Yields are not nearly as important as resilience to stress, especially under climate change. In the longest running experiment comparing organic and conventional agriculture in the Rodale Institute in Pennsylvania, scientists found that the yields were not significantly different during normal years; but organic far out yields conventional, by a third or more, during drought years (Chapter 13). That’s because the organic soil is so much better at holding water as well as other nutrients that make plants more resilient to all kinds of stresses.

This same study shows that while conventional soils failed to take carbon dioxide out of the atmosphere, organic soils are very good at it, and could take up to 4 tonnes of carbon dioxide per ha a year just in the top 30 cm of soil. This is a major contribution of organic agriculture to mitigating climate change.

These are just some of the examples where scientists are reproducing and rediscovering what farmers have found out for themselves long ago.

Local knowledge and initiative have greened the Sahel

Here is something beautiful. Scientists and policy-makers have been making dire predictions that Sahel will turn into desert irreversibly as the result of the great droughts of the 1980s. But local farmers have proven them wrong (Chapter 25). By saving and planting trees, and cooperating in water conservation, they have pushed back the desert, as confirmed by observations on the ground and from the satellites since the 1990s. Satellite data consistently showed that the desert is greener than expected, and the greenest spots are correlated with human activities. The data also indicate that planting trees can create more rain, which is very good news for mitigating climate change, and show exactly how “profoundly stupid” [10] it is to cut down trees for bioenergy crop plantations (see earlier).

The greening of the Sahel is a prime example of how the dominant knowledge system had grossly misinformed policy-makers; and it was the knowledge and initiatives of local farmers that saved the situation.

Farmers’ innovations and the circular economy of nature

There are more examples of farmers’ innovations, as well as trained agronomists unlearning what they have been taught in universities to pay heed to local knowledge (see Chapter 17). Local knowledge depends on working with and within the circular economy of nature.

Mr. Takeo Furano in Japan has perfected the Aigamo system (Chapter 26): putting ducklings to work in paddy fields, resulting in a bumper yearly harvest of 7 tonnes of rice, 300 ducks, 4 000 ducklings, countless fish, and enough vegetables for 100 from his 2 ha farm, Best of all, Furano and his family get plenty of free time from not having to do any weeding.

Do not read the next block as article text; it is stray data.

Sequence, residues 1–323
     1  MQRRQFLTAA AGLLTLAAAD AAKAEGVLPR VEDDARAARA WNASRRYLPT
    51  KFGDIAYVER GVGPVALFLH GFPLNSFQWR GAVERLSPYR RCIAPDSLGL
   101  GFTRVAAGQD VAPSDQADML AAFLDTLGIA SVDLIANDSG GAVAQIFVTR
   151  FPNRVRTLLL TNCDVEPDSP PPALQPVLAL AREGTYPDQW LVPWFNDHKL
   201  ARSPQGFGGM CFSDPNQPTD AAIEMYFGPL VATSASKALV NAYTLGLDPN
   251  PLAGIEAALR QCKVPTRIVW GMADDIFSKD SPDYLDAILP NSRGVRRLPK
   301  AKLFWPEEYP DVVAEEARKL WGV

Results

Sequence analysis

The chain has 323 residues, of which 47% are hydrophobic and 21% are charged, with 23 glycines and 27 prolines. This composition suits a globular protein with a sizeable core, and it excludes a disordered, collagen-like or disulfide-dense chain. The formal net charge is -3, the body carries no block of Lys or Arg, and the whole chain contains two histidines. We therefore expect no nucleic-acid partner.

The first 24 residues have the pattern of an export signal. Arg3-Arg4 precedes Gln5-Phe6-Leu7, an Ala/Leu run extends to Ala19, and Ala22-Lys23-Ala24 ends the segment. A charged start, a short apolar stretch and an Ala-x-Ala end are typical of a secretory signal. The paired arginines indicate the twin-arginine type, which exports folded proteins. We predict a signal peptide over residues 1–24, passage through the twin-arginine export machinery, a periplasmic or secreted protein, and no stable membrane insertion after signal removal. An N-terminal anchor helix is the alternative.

Furano has drawn a diagram (Fig. 1) to teach other farmers, which makes clear that the system works by reciprocity and mutual benefit, a circular economy in other words. And it is absolutely dependent on the natural biodiversity of species working to benefit one another, either directly or indirectly. For example, the ducks not only eat the weeds and seeds, they fertilize the water to feed the rice plants, the rice plants attract pests, which make more food for the ducks. The ducks also feed the plankton in the water, which feed the fish, and sometimes fish fries get eaten by the ducks, and so on.

Figure 1. Takeo Furano and his Aigama System

Another example of the circular economy of nature put to work is the dyke-pond system perfected by the peasant farmers of the Pearl River Delta in China, in the course of thousands of years (Chapter 32).

There are many different dyke-pond systems, the one shown here is the simplest, and involves growing mulberry, elephant grass and vegetables and raising pigs and silkworms on the dykes (Fig. 2). Mulberry feeds silkworms, and after the cocoons are harvested, the faeces of the silkworms are dumped into the ponds to feed the plankton that feed the fish and water plants, which go to feed the pigs. The pig manure also fertilizes the pond. Typically 5 different species of carp are kept in the ponds to fill the different depths and ecological niche. Elephant grass feeds the grass carp.

Figure 2. The circular economy of the dyke-pond system

There are eleven cycles in the diagram varying in length from 2 to 5 links. Such systems support on average 17 people per ha in this region, giving the lie to conventional ecological dogma that there is a fixed constant carrying capacity for a piece of land.

The dyke-pond system works perfectly on a small scale, but you can’t dump too much manure all at once directly into the pond, and here is where anaerobic digestion comes in.

Everyone in Britain should know about anaerobic digestion by now, as it has been constantly on The Archers – the longest running BBC drama about English country folks - for the best part of a year, and since we promoted its use in our Which Energy? report [25] published two years ago.

Professor George Chan was trained as an environment engineer in Imperial College, London, and had many government posts in the US and Mauritius before he was about to retire and spent 5 years with the Chinese peasants of the Pearl River Delta. He said he learnt as much from them as from Imperial College. From his experience in China, he perfected what he called an Integrated Food and Waste Management System of farming, which I called Dream Farm (Chapter 33), or Dream Farm 1.